This week's case review looks at a fairly recent Washington State Supreme Court decision related to who should qualify as the beneficiary in a Washington wrongful death action. Specifically, the case of Kellogg v. Nat. Railroad Passenger Corp., 504 P.3rd 796 (February 24, 2022).
James Hamre died when an Amtrak passenger train derailed in DuPont, Washington, in 2017. Mr. Hamre was survived by his mother, who had lived with him, and three adult siblings. The mother's action was promptly settled, but under the law then in effect, Mr. Hamre's three siblings had no right to any remedy.
After one of Mr. Hamre's brothers had been appointed as personal representative of his estate, and the 2019 wrongful death law amendments had taken effect, an action proceeded in federal court seeking a remedy for all three siblings. Amtrak challenged the action, claiming that because Mr. Hamre's siblings were not dependent upon him at the time of his death they did not qualify as wrongful death beneficiaries under Washington's wrongful death laws then in effect. The federal court referred the issue for decision to the Washington State Supreme Court, as is often done by federal courts when interpretation of a state's specific law is at issue.
The law in Washington state before 2019 was that a parent or sibling could only recover for the wrongful death of their child/sibling if they were financially dependent upon them and resided in the United States. That law however was changed in 2019. As amended, parents and brothers and sisters would need not prove they were dependent on the deceased, nor that they were resident within this country at the time of death, in order to recover for the wrongful death of their child/sibling.
The law referred to above is RCW 4.20.020. It sets forth two tiers of wrongful death beneficiaries: First-tier beneficiaries are the spouse, registered domestic partner, and children of the deceased; Second-tier beneficiaries are the parents and siblings of the deceased. Second-tier beneficiaries may recover only if there are no first-tier beneficiaries.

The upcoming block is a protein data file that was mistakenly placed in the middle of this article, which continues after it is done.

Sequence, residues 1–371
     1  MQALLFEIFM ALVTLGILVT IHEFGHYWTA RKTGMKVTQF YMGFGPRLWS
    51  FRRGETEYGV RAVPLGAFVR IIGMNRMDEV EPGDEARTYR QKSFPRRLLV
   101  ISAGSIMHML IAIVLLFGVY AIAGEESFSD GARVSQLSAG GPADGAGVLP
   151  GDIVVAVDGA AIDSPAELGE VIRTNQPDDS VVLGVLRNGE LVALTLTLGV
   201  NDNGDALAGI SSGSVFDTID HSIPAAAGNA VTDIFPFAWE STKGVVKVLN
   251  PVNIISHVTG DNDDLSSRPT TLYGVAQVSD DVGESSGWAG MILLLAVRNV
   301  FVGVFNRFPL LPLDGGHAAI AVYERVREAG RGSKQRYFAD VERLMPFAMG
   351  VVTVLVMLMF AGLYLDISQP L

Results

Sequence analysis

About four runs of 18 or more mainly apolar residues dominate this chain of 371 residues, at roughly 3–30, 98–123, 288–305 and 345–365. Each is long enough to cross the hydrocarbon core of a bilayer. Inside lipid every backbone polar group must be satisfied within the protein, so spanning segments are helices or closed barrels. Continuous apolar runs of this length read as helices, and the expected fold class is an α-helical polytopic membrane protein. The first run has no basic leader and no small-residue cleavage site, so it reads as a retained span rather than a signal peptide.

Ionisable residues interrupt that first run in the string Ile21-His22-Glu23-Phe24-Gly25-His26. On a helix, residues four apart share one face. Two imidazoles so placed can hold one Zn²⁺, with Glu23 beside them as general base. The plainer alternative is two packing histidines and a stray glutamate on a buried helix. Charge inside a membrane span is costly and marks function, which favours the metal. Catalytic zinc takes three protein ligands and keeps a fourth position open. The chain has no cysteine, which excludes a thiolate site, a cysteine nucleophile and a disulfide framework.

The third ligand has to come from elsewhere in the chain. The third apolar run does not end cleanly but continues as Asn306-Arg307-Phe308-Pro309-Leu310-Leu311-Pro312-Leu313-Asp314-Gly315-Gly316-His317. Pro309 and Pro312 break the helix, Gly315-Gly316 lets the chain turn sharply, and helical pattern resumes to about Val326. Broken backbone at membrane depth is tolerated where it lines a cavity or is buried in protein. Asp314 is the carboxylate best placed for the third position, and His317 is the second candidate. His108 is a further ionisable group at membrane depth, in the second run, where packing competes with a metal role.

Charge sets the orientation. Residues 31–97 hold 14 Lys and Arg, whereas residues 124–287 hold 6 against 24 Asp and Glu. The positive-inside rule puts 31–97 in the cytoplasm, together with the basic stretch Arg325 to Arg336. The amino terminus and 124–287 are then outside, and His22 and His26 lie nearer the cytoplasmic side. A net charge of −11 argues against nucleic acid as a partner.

This was the structure of the law both before and after the 2019 statutory amendments. However, under the previous version of the statute, the parents, brothers or sisters would have to prove that they were dependent upon the deceased person for support, and resident within the United States at the time of the deceased's death, in order to qualify as beneficiaries eligible for recovery.
Again, by its 2019 amendments to the wrongful death law, the legislature modified the beneficiary statute to remove the requirement that the second-tier beneficiaries be both dependent on the decedent and residents of the United States.
Thus, with respect to second-tier beneficiaries, the statute now reads: “If there is no spouse, state registered domestic partner, or such child or children, such action may be maintained for the benefit of the parents or siblings of the deceased.” RCW 4.20.020.
As a side note, the decedent's personal representative is the only person authorized to bring a wrongful death action under RCW 4.20.020 on behalf of the statutory beneficiaries, whoever they may be. Thus, bringing a wrongful death action typically starts with setting up an estate, and getting a personal representative appointed. That is why the lawsuit in this case was initiated by the brother of James Hamre who had been appointed as his personal representative, although his claim was brought on behalf of all three siblings.
In any event, what was specifically at issue in the Kellogg case was simply whether or not the 2019 changes in the law could be applied retroactively such that Mr. Hamre's three brothers, who were not dependent on James at the time of his death, would qualify as beneficiaries under the law and be eligible for wrongful death remedies.
The Washington State Supreme Court concluded that, in amending the law it was the Washington legislature‘s intent to have it be applied retroactively, and that applying the statutory changes at issue would not run afoul of any constitutional, contractual, or due process rights. This Washington State Supreme Court decision thus cleared the way for James Hamre's personal representative on behalf of all three siblings to be able to go ahead and pursue their wrongful death action against Amtrak in federal court.